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Question about making posts

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posted on May, 5 2004 @ 06:58 PM
Lately, I've seen the trend of locking up posts because they are old or have been covered more than once at ATS so my question is this:


No idea is original under the sun. I believe every single idea has been posted and discussed here at ATS but of course there's always new stuff which is good but why should making posts on topics covered be a bad thing?

If you think about it, the making of posts already discussed can spark new thought and argument from everyone at ATS and it can resurface awesome, intellectual, innovating posts that we once thought were dead and buried in the archives at ATS.

Because to be honest, no one knows that when they are making a thread if it's already been thought of or posted. No one thinks about that, they just make a post to spark thought and argument.

All I'm saying is why lock posts when nothing is original under the sun?

Of course if recycled posts take up memory here at ATS then by all means block and delete them, but if not...


[Edited on 5-5-2004 by Illmatic67]

posted on May, 5 2004 @ 06:59 PM
It saves bandwith, which costs money! Also, it then helps keep all the information in one thread about one subject.

There are many, many repeated posts, and it makes any search less useful if there's 500 threads about a single subject.

[Edited on 5-5-2004 by Zzub]

posted on May, 5 2004 @ 07:22 PM
User Experience We are, without doubt, the largest single discussion board on conspiracy, cover-up, scandal, aliens, and related alternative topics. By this time next year, at our current pace, we'll have over 1.2 million individual posts, and more than 70% of them will be ATS conspiracy topics. For a smaller board, it's generally not a big deal to have several threads on a topic. In fact, to build a base of community and discussion, it's sometimes even a good idea to loosely allow such practice. However, as we experience over 10,000 guests a day, and usually more than 60 new members a day, we need to begin to be very concerned about the user experience that is ATS. Bandwidth isn't an issue. Storage space, while not currently an issue, is also not really a problem. We will always make sure the technology of ATS is in-step to support member demand. But the user experience of a digital community discussion board is defined by the amount of diverse content within a narrow focus, and the ease with which people can find the diverse content. If you were to click one-by-one from today's most recent post, through every page of every thread to the first post on this current version of ATS, you would have clicked through 186,712 pages. That's a lot of content. So, to actually answer your question, the reason we're beginning to be more concerned about recently repeated topics and/or dead horse topics is this concept of the user experience. Yes, new discussion of a topic can add significant material to the brain trust, and this is always encouraged. This is exactly why we're here. But this rarely happens as the new posts are very often rehashes of exactly the same material that resides in pre-existing threads. So, as a rule-of-thumb, we tend to prefer the following... When you have a new thought on an old topic, pick up an old thread(s) and... 1- if it's too long (more than 10 pages) reference the thread or threads in your first post 2- if it's too old (more than 3 months) reference the thread or threads in your first post 3- If it's recent or short, simply pick up with the thread left off with your new thought When new users find ATS, it is most often through a Google search. We tend to get 12,000+ people a day coming to this domain from search engine searches. Very often, they find older threads. From a user experience perspective, it makes more sense to contain thread continuity through the evolution of thought from original idea, to the newly discovered ideas. Also, when any thread gets beyond 15 pages, it's time to consider if there needs to be a new thread spawned. Most threads at that length usually contain two or more sub-topics with various involved members focusing on singular topics within a long multi-topic thread. As members of a community where people come to find answers, it behooves us to make sure they find them with a minimum of confusion.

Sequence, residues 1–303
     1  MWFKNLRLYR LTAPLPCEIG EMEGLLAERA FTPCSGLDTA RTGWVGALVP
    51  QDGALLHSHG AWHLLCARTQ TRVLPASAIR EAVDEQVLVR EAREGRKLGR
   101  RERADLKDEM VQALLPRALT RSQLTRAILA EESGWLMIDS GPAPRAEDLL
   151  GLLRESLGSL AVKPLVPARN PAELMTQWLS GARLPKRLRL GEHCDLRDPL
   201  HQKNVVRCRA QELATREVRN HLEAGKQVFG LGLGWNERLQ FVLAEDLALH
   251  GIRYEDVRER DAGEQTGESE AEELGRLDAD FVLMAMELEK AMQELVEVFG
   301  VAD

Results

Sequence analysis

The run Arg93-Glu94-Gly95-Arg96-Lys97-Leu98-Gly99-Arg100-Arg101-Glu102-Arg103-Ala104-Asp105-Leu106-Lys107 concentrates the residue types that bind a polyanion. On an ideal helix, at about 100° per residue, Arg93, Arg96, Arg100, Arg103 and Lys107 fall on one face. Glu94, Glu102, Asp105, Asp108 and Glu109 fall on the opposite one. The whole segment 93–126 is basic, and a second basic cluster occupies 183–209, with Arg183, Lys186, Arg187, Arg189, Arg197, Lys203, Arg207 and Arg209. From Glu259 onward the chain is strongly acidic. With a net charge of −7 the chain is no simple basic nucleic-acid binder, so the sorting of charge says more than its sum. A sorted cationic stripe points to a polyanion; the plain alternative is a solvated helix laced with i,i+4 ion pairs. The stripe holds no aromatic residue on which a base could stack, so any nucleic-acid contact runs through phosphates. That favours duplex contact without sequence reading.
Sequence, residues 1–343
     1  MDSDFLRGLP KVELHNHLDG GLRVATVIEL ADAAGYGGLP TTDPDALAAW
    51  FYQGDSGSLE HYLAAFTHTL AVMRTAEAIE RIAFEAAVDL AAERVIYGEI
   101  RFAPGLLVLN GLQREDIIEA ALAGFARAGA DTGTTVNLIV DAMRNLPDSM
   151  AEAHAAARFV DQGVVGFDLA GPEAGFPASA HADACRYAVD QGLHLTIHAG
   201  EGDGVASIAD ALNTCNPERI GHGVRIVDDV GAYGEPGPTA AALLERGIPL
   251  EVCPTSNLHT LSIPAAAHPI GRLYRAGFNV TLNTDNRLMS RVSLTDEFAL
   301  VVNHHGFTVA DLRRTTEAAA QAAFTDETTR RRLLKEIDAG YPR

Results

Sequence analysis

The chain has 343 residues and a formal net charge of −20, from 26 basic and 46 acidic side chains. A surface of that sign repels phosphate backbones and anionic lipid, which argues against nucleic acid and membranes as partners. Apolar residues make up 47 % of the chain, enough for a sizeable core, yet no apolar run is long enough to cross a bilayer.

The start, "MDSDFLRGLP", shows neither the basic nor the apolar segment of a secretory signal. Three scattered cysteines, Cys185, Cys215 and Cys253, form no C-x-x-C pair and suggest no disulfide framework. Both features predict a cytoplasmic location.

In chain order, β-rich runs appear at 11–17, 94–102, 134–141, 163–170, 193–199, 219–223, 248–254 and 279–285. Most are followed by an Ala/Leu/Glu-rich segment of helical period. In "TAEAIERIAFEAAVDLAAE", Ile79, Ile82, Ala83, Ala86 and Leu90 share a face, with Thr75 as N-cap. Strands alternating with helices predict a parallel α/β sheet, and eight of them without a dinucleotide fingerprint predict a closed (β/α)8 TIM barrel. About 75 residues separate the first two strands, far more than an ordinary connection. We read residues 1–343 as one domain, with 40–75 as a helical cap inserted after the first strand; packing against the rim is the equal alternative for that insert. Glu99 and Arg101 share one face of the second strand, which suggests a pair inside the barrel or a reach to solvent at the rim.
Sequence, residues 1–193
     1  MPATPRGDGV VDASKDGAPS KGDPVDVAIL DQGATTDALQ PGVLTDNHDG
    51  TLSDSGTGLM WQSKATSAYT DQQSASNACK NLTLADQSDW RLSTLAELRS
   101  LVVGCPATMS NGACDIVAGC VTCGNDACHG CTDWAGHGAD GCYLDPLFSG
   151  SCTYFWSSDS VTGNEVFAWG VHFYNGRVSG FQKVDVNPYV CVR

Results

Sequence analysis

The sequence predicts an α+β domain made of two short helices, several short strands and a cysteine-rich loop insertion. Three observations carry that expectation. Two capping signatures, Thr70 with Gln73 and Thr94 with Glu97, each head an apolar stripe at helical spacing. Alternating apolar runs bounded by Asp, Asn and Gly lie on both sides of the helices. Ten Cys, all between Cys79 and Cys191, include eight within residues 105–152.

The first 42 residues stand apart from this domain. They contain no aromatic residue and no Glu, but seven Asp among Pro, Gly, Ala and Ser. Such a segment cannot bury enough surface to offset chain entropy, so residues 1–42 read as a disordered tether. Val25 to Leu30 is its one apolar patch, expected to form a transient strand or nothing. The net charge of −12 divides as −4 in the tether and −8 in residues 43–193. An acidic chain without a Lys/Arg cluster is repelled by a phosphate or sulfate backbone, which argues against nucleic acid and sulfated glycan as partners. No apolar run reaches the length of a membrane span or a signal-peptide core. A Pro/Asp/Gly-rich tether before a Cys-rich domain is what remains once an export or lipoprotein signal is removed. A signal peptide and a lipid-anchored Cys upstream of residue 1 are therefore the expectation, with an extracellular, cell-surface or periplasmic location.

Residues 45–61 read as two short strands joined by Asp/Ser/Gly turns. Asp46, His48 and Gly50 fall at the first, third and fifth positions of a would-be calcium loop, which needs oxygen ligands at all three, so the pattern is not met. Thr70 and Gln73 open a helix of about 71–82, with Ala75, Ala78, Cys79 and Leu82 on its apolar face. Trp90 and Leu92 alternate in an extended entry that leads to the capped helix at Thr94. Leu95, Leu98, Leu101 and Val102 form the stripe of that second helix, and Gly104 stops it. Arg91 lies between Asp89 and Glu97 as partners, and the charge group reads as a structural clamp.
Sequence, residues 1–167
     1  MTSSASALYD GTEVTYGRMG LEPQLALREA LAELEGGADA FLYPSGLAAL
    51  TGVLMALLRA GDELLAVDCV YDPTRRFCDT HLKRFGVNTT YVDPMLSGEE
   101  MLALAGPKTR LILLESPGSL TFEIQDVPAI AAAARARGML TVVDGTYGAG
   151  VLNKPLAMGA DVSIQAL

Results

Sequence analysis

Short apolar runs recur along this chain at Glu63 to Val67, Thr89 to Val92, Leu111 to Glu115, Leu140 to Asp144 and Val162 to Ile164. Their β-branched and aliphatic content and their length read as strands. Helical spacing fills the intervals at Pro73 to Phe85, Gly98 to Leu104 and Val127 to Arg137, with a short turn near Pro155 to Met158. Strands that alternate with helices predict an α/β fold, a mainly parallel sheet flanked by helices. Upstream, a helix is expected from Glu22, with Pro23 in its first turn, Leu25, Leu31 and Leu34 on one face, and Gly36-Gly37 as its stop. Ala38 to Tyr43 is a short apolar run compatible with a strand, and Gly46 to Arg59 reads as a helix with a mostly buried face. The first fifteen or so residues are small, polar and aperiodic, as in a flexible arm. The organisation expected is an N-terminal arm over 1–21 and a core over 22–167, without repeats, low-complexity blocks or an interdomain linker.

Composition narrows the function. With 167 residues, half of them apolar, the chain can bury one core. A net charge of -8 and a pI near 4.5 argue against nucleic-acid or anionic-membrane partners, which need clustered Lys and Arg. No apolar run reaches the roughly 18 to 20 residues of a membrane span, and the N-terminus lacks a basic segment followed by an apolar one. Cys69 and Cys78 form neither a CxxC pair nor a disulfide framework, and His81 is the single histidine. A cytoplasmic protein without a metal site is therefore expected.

posted on May, 5 2004 @ 07:26 PM
Thank you William.

You about summed it up for me.

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